New EU Data Rules – How It Affects Tech Businesses and Consumer Trust

The role of new EU data rules in building trust in the digital age.

We live in an online and connected society. Digital enabled technologies and innovations such the Internet of Things, health apps, wearables and data analytics are poised to unleash a wave of new goods, services and opportunities.

They promise new solutions to both new and age old problems from public services such as healthcare to buying household products.

Data lies at the heart of this budding revolution. However, the speed and depth of this innovation is also raising thorny challenges.

Issues such as the transparency and trust in organisations, gathering and using data, are coming to the fore in the public debate around the data-driven economy.

High profile data breaches and the inherent complexities of data gathering are increasing citizen concerns and decreasing trust in data use.

In responding to these challenges, European policy-makers have sought to overhaul Europe’s data protection regime.


What The GDPR Sets Out

Over the last four years the EU Member States and institutions have been negotiating a new set of rules for data protection in the EU.

Changes to Europe’s data protection framework will have far-reaching consequences for both businesses and citizens.

The new General Data Protection Regulations, which is set to come into force in 2018, will determine how tech firms does business, and particularly how they manage, protect and use data in the future.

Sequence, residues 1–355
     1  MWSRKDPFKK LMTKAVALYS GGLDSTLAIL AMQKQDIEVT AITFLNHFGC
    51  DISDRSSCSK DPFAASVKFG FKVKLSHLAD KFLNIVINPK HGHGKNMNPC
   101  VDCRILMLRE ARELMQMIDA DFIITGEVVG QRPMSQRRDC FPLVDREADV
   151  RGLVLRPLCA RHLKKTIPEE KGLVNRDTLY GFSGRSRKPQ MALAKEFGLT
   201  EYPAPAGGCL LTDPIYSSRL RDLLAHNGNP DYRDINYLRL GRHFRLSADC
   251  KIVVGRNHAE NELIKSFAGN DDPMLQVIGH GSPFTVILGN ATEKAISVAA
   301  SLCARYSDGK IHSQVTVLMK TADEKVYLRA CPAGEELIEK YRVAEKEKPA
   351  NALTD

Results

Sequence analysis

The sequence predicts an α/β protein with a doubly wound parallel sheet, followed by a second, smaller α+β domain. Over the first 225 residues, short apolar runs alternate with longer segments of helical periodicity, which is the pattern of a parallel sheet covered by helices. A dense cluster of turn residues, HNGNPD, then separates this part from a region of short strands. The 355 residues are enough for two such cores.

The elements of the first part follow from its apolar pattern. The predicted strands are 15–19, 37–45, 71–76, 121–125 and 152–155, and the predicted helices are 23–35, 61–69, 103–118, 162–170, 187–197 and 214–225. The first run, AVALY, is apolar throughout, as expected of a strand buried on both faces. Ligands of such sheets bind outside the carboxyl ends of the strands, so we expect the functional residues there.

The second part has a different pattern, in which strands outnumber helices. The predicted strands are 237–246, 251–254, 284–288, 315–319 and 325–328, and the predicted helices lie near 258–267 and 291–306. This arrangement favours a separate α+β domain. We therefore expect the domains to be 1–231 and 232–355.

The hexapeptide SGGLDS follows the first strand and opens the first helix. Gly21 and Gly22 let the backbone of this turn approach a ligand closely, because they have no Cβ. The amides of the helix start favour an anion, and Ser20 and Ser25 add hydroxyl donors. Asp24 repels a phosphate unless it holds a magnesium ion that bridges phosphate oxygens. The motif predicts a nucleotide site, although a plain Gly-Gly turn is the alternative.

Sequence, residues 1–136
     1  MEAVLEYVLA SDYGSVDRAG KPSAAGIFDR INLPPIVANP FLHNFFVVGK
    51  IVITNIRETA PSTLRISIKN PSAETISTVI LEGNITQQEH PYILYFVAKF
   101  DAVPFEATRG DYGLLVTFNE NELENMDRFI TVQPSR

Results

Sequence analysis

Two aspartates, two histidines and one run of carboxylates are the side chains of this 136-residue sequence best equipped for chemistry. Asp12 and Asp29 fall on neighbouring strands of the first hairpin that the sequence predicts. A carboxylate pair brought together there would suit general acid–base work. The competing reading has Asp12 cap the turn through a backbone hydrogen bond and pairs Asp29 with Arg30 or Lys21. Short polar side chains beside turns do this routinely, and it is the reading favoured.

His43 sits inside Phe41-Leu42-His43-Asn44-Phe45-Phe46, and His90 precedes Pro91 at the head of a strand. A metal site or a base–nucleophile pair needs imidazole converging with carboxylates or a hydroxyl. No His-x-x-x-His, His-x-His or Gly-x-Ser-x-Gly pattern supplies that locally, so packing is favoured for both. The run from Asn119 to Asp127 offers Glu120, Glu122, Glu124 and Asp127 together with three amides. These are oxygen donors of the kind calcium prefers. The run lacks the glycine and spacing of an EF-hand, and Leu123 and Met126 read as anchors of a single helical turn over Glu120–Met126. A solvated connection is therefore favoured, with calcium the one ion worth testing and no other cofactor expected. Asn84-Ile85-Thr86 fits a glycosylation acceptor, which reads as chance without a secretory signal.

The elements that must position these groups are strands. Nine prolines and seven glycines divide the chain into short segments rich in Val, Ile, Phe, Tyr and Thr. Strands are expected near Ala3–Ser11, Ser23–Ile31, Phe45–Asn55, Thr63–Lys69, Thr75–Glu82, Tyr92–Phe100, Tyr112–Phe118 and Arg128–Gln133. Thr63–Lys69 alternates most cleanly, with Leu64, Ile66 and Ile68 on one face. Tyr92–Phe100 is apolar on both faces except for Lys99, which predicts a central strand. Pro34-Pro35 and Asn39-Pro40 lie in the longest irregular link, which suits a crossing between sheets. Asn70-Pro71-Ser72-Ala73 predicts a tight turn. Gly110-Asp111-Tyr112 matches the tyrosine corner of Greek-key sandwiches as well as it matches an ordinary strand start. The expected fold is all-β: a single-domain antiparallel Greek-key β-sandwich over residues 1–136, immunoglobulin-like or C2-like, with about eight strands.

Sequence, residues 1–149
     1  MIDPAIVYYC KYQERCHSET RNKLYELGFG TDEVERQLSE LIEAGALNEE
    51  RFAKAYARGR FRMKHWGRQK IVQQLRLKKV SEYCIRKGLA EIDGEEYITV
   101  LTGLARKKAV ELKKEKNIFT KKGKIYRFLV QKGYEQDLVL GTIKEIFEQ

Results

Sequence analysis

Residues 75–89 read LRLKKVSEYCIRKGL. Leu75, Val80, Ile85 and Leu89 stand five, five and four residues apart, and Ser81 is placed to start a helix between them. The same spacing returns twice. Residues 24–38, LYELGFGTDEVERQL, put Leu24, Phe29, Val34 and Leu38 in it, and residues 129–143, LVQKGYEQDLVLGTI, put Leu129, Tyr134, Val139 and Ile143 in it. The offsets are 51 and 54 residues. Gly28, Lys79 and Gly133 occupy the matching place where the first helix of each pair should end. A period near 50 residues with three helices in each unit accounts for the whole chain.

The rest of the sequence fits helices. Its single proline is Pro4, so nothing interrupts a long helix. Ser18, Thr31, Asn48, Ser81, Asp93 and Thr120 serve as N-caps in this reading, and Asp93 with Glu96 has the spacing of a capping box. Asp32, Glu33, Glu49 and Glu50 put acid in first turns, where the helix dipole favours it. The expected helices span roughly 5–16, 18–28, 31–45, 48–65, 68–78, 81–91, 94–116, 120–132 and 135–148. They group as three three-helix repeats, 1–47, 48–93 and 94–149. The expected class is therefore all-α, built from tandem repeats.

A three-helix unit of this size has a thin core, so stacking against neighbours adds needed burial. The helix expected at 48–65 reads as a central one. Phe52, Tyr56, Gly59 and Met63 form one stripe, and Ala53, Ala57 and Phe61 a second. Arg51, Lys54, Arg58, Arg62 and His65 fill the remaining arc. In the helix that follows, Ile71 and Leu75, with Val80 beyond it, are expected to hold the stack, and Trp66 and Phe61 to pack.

The new rules will apply to businesses located inside the EU and to any business, which processes European citizens’ data, and offer them goods or services.

Citizens will also have new rights and powers in how they manage and control their data.

The EU’s objectives in the GDPR was to create a global gold standard of protection for citizens and deliver a consistent regulatory framework for industry to help deliver the promise of a Digital Single Market.

Information Commissioner’s Office is the UK’s independent authority set up to uphold information rights in the public interest. Their recommendation, regarding Drone usage, is that users of drones – also called unmanned aerial systems (UAS) or unmanned aerial vehicles (UAVs) – with cameras should operate them in a responsible way to respect the privacy of others.

The GDPR in practice

The draft GDPR will make significant changes to the existing provisions regarding consent. It will require consent to be specific, informed, unambiguous and freely given in order to be acceptable.

Explicit consent will be necessary where sensitive data is involved but citizens will also have the right to withdraw their consent as easily as they provided it.

Businesses will need to keep detailed internal records of processing and policies in order to demonstrate compliance with the draft GDPR.

They’ll also be required to report serious data breaches asap or within 72 hours of the breach occurring.

Additionally, citizens will have greater rights including the right to request the deletion of personal data and the right to request a copy of their data in a portable and usable format.

As the global economy becomes ever more data driven the significance of these new EU rules cannot be overstated.

There is no doubt, that in the short term, innovative data driven businesses of all sizes will face a challenging time in implementing these new rules.

However, the big test will be whether Europe’s consumers and citizens really do feel better informed and protected as a result of the new rules and whether Europe’s businesses are able to stay at the forefront of digital innovation.

Opinion Post: Shane Murphy, Policy Manager – techUK